If it works at all, decontaminating victims of radiation poisoning can take years--even with the best experimental drugs. Now, scientists at the University of California's Lawrence Berkeley Laboratory (LBL) have designed a chemical agent that promises far better results. The synthetic substance is based on small molecules called siderophores, which are secreted by some microorganisms to trap iron needed in their biological processes.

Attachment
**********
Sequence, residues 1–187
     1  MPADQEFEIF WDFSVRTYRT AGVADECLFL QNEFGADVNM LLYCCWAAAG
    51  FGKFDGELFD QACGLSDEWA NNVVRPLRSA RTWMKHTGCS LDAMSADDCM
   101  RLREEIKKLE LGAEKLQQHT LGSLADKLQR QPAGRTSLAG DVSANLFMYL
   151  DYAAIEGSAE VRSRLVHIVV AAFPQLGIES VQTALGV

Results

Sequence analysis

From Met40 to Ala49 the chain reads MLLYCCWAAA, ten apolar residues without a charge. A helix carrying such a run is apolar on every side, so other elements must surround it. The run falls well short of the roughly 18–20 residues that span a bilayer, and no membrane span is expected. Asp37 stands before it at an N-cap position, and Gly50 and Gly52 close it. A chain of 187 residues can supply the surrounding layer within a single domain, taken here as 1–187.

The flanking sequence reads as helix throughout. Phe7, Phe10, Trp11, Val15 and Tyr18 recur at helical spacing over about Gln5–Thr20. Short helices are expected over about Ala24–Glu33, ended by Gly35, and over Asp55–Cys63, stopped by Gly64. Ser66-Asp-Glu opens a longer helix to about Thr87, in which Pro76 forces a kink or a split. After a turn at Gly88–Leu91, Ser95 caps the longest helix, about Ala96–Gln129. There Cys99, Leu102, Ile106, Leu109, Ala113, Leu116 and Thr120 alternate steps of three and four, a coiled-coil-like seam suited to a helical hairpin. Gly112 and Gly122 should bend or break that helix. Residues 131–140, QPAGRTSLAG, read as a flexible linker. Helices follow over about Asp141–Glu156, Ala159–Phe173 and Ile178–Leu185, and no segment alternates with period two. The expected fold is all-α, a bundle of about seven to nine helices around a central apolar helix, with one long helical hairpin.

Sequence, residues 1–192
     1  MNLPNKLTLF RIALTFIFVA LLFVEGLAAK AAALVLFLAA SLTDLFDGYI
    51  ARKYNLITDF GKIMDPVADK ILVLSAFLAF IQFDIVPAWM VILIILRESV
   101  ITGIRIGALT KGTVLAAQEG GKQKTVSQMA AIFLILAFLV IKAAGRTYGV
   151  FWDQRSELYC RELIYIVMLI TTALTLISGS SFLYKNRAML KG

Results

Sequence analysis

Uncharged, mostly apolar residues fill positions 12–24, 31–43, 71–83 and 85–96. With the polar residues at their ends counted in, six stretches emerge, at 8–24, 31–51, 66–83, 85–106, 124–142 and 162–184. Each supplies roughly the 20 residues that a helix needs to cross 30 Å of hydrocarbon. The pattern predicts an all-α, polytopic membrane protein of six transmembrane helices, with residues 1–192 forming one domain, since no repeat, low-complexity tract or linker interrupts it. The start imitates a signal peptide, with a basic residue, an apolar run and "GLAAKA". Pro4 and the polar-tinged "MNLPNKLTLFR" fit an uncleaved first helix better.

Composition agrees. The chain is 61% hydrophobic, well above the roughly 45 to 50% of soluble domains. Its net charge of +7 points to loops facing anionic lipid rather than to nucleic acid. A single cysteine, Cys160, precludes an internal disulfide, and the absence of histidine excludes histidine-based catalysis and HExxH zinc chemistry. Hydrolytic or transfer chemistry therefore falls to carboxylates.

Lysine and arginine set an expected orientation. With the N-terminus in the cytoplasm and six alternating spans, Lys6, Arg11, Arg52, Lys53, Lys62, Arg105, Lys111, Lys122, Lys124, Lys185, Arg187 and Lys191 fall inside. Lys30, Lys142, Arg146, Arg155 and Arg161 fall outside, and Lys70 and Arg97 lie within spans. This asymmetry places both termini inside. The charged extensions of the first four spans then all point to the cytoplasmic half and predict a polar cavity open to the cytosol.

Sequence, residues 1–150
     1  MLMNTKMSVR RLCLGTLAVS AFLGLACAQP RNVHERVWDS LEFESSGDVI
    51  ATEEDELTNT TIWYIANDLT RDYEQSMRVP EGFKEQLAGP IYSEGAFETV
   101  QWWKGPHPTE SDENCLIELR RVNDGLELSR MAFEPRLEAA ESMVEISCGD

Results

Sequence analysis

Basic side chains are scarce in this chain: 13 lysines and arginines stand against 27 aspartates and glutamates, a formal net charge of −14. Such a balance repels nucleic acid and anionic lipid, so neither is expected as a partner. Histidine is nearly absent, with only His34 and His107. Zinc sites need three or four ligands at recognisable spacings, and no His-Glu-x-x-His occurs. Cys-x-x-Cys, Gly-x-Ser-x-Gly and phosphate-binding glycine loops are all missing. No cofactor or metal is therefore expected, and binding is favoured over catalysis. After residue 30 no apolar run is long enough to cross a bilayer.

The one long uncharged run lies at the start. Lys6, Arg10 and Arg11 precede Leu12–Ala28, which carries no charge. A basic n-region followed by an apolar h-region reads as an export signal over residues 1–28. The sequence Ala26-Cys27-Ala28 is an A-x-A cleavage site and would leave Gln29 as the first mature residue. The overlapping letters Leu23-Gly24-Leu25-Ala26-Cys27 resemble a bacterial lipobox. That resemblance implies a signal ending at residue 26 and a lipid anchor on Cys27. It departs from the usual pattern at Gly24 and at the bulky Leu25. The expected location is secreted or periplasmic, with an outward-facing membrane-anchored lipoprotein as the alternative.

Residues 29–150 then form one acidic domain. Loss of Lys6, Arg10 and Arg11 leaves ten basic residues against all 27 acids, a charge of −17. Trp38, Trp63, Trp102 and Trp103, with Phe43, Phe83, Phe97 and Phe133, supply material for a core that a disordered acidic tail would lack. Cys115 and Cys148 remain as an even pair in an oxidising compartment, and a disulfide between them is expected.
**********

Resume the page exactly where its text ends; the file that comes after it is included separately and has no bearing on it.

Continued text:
The new agent, from an LBL group led by chemist Kenneth N. Raymond, binds tightly to radioactive plutonium and strips it from the proteins that otherwise trap it inside the body. Once free, the highly toxic substance can be passed out of the body through the kidneys. In lab tests, Raymond's substance took just one day to remove up to 90% of the plutonium injected in lab mice--a level of reduction that currently can take years in humans. But because the agent is difficult to produce and toxic in high doses, it won't be tried on people for years. Meantime, Raymond is working on similar agents that could trap plutonium even more effectively. And he is optimistic that the substances can one day be used to remove radioactive waste from the environment.